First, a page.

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The Normalization of Deviance

I remember flying with Jason, a very experienced pilot, and I noticed he followed a checklist before takeoff, he followed a checklist during takeoff, another checklist once we reached altitude, then another series of checklists for landing. When I asked him why he still meticulously followed a checklist, even though he was so experienced that he would be classified as “unconsciously competent," I’ll never forget his answer. He told me, “Because I don’t trust myself.”

I was so confused. How does someone with that kind of experience not trust themselves? So when I asked him to explain he said that when you believe you no longer need the checklist, you fall into something called the “normalization of deviance.” You become so confident and haven’t experienced a failure for skipping a step, that skipping a step here and there becomes normal. Maybe you even begin skipping the most important step of all—using the checklist.

To illustrate that, he pointed at another plane on the tarmac, a Gulfstream 550. He said that he was in Boston a couple of years ago and met a couple of pilots who flew a G550. They had so many hours of flight time under their belts, they were unconsciously competent pilots. They knew what they were doing and were very confident in that. The next day, he saw a notification from the NTSB that a G550 ran off the end of the runway at Boston Logan and crashed, killing sixteen people including the two pilots, the pilots he’d met the day before.

When they reviewed the black box data, they heard the pilots frantically trying to unlock the controls. By the time they decided to shut it down, it was too late. You see, the controls are always locked when the plane is being towed, so that the towing vehicle has complete control. One of the first items in every pilot’s checklist is to unlock the controls.

Up until that point, one or the other of the two had always done it, but this time neither did. Because they weren’t following a checklist, they didn’t realize no one had unlocked the controls. The cost of failure was death for the pilots and their passengers, but it also cost their families and loved ones dearly. They will feel that loss for the rest of their lives, and it could have all been prevented by simply following a checklist.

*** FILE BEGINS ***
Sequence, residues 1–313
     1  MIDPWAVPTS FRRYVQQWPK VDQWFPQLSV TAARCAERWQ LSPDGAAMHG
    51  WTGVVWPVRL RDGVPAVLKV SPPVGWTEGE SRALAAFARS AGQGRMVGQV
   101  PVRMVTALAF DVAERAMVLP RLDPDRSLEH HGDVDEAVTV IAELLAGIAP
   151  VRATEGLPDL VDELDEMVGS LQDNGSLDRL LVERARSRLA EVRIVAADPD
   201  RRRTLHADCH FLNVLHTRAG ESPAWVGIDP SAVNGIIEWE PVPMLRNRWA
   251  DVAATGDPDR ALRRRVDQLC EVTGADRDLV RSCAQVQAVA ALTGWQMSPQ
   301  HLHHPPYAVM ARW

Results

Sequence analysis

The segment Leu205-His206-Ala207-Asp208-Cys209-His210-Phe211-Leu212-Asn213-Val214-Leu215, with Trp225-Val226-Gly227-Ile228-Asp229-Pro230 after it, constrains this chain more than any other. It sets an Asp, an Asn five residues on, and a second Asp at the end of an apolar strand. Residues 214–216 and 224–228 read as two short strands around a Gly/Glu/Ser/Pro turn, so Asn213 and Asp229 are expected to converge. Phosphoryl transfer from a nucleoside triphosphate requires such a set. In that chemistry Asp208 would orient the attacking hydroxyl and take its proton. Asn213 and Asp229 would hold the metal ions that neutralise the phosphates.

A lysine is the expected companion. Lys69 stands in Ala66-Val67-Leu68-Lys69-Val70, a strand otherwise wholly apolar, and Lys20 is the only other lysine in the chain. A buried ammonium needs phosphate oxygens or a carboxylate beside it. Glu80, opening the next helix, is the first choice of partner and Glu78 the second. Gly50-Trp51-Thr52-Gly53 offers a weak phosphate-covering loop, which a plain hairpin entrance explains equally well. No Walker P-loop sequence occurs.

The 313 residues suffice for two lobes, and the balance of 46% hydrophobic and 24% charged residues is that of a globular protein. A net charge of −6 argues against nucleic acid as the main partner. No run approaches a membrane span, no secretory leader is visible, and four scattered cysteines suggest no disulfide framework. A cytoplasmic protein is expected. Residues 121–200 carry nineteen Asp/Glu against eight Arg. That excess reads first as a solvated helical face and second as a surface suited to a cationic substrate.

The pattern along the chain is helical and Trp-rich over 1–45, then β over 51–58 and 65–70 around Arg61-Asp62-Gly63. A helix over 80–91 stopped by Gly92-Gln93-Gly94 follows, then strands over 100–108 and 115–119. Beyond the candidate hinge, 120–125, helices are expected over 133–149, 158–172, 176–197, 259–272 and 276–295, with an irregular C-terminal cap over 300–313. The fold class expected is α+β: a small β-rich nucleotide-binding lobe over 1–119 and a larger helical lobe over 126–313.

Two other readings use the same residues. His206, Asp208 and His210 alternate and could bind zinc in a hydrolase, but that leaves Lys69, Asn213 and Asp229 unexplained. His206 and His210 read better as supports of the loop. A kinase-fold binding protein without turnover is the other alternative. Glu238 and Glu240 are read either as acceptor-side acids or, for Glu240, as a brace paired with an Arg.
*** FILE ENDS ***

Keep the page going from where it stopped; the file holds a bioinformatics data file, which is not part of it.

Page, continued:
In a Command and Control organization, the team members don’t understand the why behind the checklist, which means they don’t fully understand the cost of failure. All they know is they were given this checklist and trusted to follow it.

In a Trust and Inspire organization, they’re educated with the EDGE Method, so they fully understand the why behind the checklist as well as the cost of failure. They are self-motivated to follow the checklist not out of self-preservation (fear of being fired) but because they know WHY they’re following it in the first place. They understand that every item on that checklist is there to protect them and their reputation.

A friend was telling me once about how his dad taught him to swim: he threw him in the water and trusted him to figure it out. That’s an extreme example of Command and Control but it’s also a good one. It was literally sink or swim. Tell-Trust-Hope-you-don’t-fail-because-you-might-die.

There is a scene in the show Lessons in Chemistry on Apple TV that illustrates the opposite. A man was teaching a woman (a coworker and his eventual girlfriend) how to swim. He told her that the first step was learning to breathe correctly, so he showed her how to blow bubbles. She was very nervous around water and was too scared to blow bubbles. He asked her if it would be okay for him to kiss her, so they could blow bubbles together, and she said yes. As he kissed her, they went underwater and blew bubbles together.

Now, that’s a very intimate example, but think about it. He told her the first step to learning how to swim was learning to breathe correctly (Educate, Explain), then he blew bubbles underwater (Demonstrate). When she struggled to repeat blowing bubbles, he kissed her and they blew bubbles together (Guide). It was the EDGE Method and it worked. She was afraid to do it by herself after the Demonstrate phase, because she needed a guide to help her be more confident. She didn’t have to do it alone. Another aspect to point out is that he asked her permission to guide her. It’s vital that the person we’re guiding wants to be guided and is open to our help.

Ultimately, the biggest difference between a Command and Control organization and a Trust and Inspire organization is really understanding the true cost of failure, something we’re going to delve into next.

I’ll leave you with this: according to Stephen Covey’s book Trust and Inspire, 92 percent of companies are still operating under Command and Control principles, which means only 8 percent of companies are truly Trust and Inspire organizations. Contrast that with the fact that the vast majority of leaders believe they have a culture of Trust and Inspire. That is a large number of leaders who lack awareness.

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